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How to implement Log4j-audit in Java/GWT web app

Currently working on implementing audit logging for a web app and would like to use log4j-audit. The app is written using OpenJDK 8 and GWT 2.7 hosted by Jboss 6.4 and built using Ant 1.10.5. My question is how does one implement the log4j-audit framework into our current structure? I have worked through the getting started section and read the documentation exhaustively but my lack of Maven experience is making it difficult transporting it to our stack.

My current understanding is that I need to create a request filter that instantiates a RequestContext object that stores variables in a ThreadContext map. What I need to know is how to use my catalog.json to generate the interfaces that I can reference in my code.

Thanks!

EDIT:

Thanks to the info in section 1. of the marked answer below I was able to create a custom Ant task, with a POM similar to that in the sample app, that builds the audit-service-api.jar and reference the generated sources in my codebase.

Answer

The RequestContextFilter is an extension of the Log4j ThreadContext that allows you to convert headers passed in REST requests into ThreadContext attributes. This is important for auditing so that you can pass the user’s loginId, IP Address, account number, etc so that they can be included in all the audit events (as well as all the other logs). Although not necessarily important for audit logging, including a requestId and “sessionId” is important for diagnostic and debug logs to correlate logs across services and servers.

The catalog.json file is used to define the audit events and attributes. Normally you would create a project similar to log4j-audit-sample. This project contains 3 things:

  1. The Audit Service API – The catalog.json would reside in src/main/resources and contains the definitions of your events and attributes. When you run “mvn clean package”, “mvn clean install” or “mvn clean deploy” on this project it will read the catalog and generate all the Java interfaces for the events you have defined. You would then include the jar constructed from this project in your applications along with the log4j-audit-api jar to log the events.
  2. The Audit Service – A REST service that can be used to log events from non-Java applications. The service will validate the events against your catalog.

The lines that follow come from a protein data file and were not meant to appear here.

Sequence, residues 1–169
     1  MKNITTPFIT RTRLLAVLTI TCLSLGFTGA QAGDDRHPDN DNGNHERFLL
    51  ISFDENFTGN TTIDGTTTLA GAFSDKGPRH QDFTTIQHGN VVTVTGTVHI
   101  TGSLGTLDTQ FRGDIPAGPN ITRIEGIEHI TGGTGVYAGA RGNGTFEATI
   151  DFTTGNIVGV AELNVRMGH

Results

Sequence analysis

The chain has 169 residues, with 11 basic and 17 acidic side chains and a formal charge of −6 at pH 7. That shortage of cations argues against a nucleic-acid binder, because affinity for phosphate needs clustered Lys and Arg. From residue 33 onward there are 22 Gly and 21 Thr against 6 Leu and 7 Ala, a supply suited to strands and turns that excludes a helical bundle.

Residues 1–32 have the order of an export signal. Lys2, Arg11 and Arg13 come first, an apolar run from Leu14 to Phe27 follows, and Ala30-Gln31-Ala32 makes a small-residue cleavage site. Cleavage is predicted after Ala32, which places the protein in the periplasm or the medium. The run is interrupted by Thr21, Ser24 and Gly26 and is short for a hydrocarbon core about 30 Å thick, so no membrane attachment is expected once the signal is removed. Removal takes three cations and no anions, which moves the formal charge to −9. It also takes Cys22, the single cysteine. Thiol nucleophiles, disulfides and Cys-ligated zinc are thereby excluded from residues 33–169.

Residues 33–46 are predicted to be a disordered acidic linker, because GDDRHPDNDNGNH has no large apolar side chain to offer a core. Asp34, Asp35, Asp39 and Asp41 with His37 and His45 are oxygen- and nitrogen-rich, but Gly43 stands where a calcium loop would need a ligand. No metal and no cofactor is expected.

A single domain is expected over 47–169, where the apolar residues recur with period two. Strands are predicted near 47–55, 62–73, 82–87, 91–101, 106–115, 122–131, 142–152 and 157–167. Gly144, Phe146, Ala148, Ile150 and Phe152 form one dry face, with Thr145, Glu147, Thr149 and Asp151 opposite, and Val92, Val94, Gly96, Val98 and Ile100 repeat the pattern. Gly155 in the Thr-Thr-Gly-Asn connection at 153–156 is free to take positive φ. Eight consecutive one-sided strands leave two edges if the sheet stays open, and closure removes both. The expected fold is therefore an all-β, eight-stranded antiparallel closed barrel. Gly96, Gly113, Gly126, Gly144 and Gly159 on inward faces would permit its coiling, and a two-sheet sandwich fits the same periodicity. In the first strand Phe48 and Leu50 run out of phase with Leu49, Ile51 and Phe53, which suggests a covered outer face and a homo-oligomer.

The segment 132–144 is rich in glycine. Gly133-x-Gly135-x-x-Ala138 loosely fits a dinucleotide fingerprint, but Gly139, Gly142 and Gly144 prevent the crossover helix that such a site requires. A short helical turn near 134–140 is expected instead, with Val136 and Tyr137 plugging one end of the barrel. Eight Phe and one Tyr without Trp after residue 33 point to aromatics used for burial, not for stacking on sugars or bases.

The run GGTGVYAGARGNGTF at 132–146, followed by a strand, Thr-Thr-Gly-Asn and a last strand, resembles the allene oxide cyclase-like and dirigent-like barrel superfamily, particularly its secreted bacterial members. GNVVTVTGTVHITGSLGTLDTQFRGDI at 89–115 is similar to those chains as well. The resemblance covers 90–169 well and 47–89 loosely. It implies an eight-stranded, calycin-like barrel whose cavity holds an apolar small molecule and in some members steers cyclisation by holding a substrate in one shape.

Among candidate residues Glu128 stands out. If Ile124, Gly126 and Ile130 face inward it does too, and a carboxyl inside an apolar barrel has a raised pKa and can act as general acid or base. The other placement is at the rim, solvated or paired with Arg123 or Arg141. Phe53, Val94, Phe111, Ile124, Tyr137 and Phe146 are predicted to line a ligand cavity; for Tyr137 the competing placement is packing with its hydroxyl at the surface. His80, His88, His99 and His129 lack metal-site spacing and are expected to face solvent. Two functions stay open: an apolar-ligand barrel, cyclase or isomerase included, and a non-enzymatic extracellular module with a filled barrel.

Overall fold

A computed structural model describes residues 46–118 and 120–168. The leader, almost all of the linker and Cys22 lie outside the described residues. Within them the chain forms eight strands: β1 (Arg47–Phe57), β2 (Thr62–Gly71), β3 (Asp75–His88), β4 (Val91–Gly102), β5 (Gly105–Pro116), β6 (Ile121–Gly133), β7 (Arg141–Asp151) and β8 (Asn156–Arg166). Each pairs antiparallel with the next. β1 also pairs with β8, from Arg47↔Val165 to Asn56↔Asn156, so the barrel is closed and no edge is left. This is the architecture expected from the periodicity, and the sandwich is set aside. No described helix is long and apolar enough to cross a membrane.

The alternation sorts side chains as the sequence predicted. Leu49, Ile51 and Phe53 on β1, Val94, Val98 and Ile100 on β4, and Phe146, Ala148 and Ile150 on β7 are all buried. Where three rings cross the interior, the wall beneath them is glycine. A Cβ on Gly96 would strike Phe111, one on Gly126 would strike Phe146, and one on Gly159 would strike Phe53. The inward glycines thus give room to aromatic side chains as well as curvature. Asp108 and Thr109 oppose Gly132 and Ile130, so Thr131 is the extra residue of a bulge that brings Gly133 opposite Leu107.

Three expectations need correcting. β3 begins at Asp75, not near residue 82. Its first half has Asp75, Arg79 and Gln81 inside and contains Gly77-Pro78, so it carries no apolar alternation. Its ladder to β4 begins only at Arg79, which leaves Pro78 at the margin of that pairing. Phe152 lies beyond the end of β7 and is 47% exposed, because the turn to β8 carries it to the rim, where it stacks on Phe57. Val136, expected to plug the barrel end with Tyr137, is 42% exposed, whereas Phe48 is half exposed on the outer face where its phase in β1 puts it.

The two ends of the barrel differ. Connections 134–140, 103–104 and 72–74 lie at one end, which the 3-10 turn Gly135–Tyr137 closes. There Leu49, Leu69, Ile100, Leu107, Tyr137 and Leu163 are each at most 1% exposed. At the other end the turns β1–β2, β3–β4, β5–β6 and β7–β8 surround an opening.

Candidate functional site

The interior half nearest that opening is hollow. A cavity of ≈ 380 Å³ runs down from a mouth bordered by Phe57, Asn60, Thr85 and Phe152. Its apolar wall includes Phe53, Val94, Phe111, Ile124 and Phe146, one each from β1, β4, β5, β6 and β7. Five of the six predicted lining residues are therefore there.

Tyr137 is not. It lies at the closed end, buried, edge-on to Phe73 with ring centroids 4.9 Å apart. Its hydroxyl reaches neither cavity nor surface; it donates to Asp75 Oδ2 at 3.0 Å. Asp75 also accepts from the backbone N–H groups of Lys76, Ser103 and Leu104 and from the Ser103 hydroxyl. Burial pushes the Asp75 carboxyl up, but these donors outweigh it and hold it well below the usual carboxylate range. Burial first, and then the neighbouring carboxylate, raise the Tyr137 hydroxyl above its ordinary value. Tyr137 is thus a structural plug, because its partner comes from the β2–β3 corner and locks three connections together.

Log4j-audit comes with a Spring Boot app that can be used as an editor for the catalog as editing the JSON can be tedious and error prone. That said, the Spring Boot app needs to be run as a single user desktop app, which is a little odd, so a desktop editor based on ElectronJS is being developed.

Log4j-audit currently supports two formats for the catalog; the catalog.json file stored in git or an RDMS catalog accessed via JPA. Normally, the catalog stored in git is used to generate the Java interfaces because those should be modified only normally during the normal development process and you would want to manage those definitions with a normal release cycle. The Spring Boot catalog editor reads the json catalog from git and then loads it into an in-memory database so that the editor can take advantage of the referential integrity the database provides. The Audit Service can be configured to use a database to store a “dynamic catalog”. No Java interfaces are available for these catalog entries and applications that want to perform auditing using these event definitions must do it through the audit service.

Hopefully, that provides the information you are looking for but if you performed the steps in the Getting Started page and look at the sample application you should have an idea of what you need to do. If not, please follow up with more questions.

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